In 1970, environmental artists (and married couple) Christo Vladimirov Javacheff and Jeanne-Claude de Guillebon came up with a concept for a new project involving a floating pier. Now, it’s finally being realized on the waters of northern Italy’s Lake Iseo, almost seven years after Jeanne-Claude’s death.

The Floating Piers consists of a nearly 2-mile walkway just above the surface of the water between Sulzano, a town on the lake’s eastern shore, the 1800-person island of Monte Isola, and the tiny islet of San Paolo. Visitors will stroll across a 52-foot-wide dock system made of about 200,000 plastic cubes, topped with yellow fabric that will give the bridge an undulating appearance. It will be less than 2 feet tall and sloped at the edges, giving people an experience that’s pretty close to walking on water.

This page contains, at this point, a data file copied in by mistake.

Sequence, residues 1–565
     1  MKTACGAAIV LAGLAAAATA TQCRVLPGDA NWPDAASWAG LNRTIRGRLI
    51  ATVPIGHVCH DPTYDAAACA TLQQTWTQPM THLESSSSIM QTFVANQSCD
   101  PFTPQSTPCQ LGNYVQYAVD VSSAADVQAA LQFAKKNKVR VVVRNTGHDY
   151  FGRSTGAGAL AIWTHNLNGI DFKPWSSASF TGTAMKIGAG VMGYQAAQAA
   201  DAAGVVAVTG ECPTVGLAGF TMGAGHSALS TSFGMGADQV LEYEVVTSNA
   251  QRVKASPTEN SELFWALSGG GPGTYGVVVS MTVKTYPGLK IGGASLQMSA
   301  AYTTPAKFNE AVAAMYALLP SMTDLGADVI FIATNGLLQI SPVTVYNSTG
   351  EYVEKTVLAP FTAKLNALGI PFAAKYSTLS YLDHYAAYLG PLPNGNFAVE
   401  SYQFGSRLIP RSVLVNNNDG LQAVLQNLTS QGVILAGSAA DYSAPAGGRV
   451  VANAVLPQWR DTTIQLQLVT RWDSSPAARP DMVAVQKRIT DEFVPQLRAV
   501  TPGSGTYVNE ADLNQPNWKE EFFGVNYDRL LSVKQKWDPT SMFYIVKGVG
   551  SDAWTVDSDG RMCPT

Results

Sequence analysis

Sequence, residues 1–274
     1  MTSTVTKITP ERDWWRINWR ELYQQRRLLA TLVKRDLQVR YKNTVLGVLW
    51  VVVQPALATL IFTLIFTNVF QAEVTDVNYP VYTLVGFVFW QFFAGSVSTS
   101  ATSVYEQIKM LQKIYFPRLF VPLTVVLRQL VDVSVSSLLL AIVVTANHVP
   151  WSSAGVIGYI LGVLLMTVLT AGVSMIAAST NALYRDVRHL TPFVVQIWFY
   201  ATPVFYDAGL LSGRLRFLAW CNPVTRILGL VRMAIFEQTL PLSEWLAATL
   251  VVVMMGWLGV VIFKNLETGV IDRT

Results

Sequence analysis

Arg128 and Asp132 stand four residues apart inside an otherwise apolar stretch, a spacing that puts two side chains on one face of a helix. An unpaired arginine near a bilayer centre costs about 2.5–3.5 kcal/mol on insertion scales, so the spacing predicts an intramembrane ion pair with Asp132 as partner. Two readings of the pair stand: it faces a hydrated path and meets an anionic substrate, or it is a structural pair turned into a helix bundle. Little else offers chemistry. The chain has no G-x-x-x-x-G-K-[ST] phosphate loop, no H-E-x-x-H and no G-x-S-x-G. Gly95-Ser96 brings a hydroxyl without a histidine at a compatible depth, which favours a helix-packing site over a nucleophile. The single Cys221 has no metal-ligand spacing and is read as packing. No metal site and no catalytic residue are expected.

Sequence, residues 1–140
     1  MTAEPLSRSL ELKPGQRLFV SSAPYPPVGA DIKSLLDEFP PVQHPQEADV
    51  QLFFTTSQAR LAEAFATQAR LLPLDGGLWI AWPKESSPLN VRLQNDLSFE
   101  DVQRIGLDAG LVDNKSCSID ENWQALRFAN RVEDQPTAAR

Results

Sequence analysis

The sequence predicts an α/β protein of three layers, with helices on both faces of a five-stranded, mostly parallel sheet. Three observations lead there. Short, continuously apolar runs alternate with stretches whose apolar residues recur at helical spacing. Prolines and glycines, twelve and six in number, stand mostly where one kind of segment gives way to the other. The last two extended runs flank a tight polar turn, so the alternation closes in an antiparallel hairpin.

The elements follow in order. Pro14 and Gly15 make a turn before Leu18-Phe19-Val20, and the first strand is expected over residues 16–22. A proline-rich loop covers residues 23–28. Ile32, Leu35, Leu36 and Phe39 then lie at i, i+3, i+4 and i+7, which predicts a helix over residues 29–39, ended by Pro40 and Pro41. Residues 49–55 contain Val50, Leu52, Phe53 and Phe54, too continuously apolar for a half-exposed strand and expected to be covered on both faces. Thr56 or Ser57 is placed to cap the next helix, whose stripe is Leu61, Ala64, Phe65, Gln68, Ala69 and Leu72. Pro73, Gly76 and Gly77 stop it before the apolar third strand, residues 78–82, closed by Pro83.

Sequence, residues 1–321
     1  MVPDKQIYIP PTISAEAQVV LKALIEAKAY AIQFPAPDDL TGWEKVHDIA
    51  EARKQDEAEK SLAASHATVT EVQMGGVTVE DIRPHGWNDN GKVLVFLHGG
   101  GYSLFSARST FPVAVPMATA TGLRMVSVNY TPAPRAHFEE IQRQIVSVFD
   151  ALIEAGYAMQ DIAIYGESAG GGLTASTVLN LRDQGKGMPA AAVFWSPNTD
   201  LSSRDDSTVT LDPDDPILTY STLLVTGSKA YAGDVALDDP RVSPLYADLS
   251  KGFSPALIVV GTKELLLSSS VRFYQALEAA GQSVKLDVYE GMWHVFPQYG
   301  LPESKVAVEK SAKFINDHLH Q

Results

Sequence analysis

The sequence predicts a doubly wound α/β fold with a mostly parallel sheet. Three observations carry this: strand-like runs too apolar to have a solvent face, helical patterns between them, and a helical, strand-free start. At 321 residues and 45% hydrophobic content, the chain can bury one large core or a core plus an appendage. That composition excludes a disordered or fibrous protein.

While the piece was completed without Jeanne-Claude—Christo chose the location in 2014—it’s being presented as a joint project. This will be their first large-scale work since The Gates in 2005, which involved more than 7500 gates hung with fabric erected in New York’s Central Park.

The piers will be open between June 18 and July 3. The local tourism board expects 500,000 people to come out to see it, especially since it’s located only about 250 miles away from Art Basel, one of the world’s biggest international art fairs. After the exhibition closes, the components will be recycled.

[h/t Curbed]

All images courtesy Christo and Jeanne-Claude